Climate change and Gisele, the law of the land
Insurance subsidies exacerbate climate change risks.
That comes from Washington, D.C.-based R Street, a typically conservative nonprofit public policy research organization that supports free markets, and a limited but effective government
However, responsible environmental stewardship is also part of the group’s mantra.
According to a policy short authored by R Street Texas Director Josiah Neeley, years of government involvement in property insurance markets have led to artificially low rates that mask the true risk of living in regions prone to dangerous weather.
“It cannot be ignored the extent to which government policy at both the state and federal level has encouraged people to live in flood-prone and storm-prone areas. Government subsidies have distorted market signals, leading many into a false sense of security about the risks they face,” the report states. “Artificially low rates provide signals that living in a specific location involves less risk than it actually does, leading more people to live and move to vulnerable areas.”
The report refers to data showing that 123 million people live in coastal counties, and it partly blames the National Flood Insurance Program for that.
The NFIP has “suppressed the creation of a private flood insurance market” with subsidies and outdated flood maps, according to the report.
“Subsidizing people to live in disaster-prone areas is wrong in fiscal, environmental and moral terms,” the report states. “To the extent lawmakers recognize climate change and sea-level rise as real problems, they need to stop government action that exacerbates these risks and leads more people to put themselves in harm’s way.”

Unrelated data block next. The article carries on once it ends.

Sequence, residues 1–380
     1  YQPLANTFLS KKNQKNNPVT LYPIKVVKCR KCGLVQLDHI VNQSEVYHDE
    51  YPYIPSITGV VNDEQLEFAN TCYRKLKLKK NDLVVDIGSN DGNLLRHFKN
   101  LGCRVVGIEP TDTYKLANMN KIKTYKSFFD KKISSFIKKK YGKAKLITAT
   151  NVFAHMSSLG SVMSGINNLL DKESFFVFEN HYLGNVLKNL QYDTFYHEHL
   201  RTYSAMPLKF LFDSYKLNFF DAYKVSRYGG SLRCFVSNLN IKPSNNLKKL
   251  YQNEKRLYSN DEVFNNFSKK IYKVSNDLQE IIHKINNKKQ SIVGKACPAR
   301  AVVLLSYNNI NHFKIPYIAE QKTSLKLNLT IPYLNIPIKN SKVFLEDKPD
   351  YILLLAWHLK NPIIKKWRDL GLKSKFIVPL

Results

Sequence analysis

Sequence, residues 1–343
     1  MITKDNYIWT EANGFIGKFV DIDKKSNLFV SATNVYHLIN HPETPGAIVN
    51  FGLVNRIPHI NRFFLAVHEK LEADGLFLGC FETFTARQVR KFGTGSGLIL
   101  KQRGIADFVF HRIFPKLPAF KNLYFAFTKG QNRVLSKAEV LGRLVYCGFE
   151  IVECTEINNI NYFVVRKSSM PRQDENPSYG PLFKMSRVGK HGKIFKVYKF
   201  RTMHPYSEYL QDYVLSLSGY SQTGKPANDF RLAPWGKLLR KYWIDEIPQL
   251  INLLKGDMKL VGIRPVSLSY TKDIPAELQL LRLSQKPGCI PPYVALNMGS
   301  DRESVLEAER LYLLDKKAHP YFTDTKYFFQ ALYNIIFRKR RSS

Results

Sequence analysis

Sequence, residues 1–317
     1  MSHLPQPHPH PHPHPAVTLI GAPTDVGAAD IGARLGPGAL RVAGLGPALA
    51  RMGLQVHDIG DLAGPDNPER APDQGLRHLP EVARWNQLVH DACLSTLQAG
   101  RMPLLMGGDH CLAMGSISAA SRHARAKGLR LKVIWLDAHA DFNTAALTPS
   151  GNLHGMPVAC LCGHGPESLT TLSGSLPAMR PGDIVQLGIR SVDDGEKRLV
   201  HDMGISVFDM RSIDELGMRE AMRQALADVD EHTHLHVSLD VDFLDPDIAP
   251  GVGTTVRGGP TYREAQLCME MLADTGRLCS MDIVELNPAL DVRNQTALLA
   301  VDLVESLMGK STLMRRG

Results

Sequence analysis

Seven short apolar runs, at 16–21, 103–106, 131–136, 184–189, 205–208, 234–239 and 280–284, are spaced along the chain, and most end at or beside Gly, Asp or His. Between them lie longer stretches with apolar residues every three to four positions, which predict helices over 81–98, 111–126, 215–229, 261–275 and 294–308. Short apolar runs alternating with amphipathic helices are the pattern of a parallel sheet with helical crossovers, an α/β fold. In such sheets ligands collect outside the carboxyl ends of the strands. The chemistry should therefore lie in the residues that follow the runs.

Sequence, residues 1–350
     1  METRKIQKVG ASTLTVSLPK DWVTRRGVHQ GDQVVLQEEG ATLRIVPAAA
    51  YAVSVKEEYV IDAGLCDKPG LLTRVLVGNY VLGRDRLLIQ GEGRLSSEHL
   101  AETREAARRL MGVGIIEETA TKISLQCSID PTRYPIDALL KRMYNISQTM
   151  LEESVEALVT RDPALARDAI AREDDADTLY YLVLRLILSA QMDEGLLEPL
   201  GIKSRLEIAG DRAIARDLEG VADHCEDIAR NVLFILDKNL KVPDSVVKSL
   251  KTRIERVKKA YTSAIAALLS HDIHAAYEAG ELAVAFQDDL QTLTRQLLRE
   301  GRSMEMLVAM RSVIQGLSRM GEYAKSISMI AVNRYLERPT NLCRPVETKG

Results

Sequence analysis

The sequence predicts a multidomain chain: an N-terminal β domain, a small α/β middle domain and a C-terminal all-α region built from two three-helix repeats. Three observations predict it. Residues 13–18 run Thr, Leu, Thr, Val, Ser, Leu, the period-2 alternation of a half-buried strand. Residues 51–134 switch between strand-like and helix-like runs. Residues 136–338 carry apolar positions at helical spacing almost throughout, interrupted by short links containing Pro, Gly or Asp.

The report also tees off on TWIA – the Texas Windstorm Insurance Association.
The state-created pool provides windstorm insurance for 14 coastal counties, and Harris County. Despite its stated goal of moving TWIA policyholders back into the private market, the pool has grown enormously over recent decades, the report notes.
“Originally intended to be an insurer of last resort for those who could not obtain windstorm insurance through the private market, TWIA has expanded rapidly,” the report states. “It has grown from approximately 50,000 policies in 2000 to about 275,000 policies today.”
To be fair TWIA has increased rates 5 percent each year from 2011 through 2016, a cumulative increase of 34 percent over the six-year period. And based on a 2016 actuarial analysis, TWIA rates would need to increase by roughly 24 percent overall in order to be actuarially adequate, according to TIWA’s website.
“Current TWIA rates are uniform throughout the 14 first tier coastal counties,” the site states. “Because rates do not vary based on any geographical factors, such as distance from the coast, rates may be actuarially adequate in some areas.
TWIA has improved its financial position in recent years partly due to the rate increases, a lack of storm activity and voluntary depopulation programs. However, TWIA’s rates remain below actuarially sound levels, according to the report.
“Aside from these fiscal problems, subsidized flood and windstorm insurance programs raise serious environmental concerns,” the report states. “Subsidizing people to live in disaster-prone areas is wrong in fiscal, environmental and moral terms. To the extent lawmakers recognize climate change and sea-level rise as real problems, they need to stop government action that exacerbates these risks and leads more people to put themselves in harm’s way.”